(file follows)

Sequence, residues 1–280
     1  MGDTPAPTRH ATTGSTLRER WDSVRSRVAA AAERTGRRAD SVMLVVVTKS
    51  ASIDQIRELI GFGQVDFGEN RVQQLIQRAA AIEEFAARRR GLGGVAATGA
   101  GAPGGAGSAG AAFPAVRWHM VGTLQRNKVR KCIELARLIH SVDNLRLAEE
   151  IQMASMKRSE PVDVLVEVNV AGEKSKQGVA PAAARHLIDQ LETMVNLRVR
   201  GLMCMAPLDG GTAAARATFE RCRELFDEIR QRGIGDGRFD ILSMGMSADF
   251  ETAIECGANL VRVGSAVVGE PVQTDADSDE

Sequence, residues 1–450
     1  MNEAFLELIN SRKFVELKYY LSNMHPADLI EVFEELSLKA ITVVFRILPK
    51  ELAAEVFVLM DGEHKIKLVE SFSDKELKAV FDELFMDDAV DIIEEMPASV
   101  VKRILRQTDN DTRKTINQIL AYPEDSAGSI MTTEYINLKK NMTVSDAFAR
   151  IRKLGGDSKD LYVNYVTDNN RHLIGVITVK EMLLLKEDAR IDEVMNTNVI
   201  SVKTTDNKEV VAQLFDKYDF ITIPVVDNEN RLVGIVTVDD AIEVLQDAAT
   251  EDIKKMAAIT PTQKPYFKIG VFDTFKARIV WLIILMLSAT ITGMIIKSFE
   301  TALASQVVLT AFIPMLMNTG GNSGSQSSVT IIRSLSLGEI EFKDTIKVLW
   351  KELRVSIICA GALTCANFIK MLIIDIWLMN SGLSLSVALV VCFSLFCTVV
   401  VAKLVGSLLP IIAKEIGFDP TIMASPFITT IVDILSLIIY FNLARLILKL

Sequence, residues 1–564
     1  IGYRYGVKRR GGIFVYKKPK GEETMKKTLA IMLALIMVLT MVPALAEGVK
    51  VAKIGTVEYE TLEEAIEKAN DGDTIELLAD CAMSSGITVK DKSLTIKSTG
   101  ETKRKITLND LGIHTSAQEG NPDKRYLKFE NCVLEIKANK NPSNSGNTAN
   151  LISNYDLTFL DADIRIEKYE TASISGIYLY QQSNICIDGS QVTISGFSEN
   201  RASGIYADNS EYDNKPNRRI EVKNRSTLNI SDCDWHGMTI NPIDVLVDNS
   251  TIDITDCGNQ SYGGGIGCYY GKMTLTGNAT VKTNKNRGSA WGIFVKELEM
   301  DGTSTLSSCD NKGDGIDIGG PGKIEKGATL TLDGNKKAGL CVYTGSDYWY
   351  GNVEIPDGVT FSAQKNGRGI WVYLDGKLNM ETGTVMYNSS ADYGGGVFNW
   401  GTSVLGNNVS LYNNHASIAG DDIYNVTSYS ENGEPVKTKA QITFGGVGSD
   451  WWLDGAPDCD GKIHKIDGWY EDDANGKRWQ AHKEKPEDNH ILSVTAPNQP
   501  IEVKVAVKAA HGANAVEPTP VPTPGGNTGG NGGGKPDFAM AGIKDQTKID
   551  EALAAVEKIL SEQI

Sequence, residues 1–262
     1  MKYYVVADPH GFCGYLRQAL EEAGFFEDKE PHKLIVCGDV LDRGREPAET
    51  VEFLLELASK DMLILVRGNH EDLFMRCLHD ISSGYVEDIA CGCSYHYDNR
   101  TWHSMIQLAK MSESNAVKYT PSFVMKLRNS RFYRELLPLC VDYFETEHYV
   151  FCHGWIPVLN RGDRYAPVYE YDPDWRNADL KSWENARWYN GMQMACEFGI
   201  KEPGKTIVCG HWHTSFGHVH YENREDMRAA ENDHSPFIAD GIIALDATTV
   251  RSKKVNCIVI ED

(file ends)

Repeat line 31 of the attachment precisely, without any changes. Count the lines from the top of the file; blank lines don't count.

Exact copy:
Sequence, residues 1–262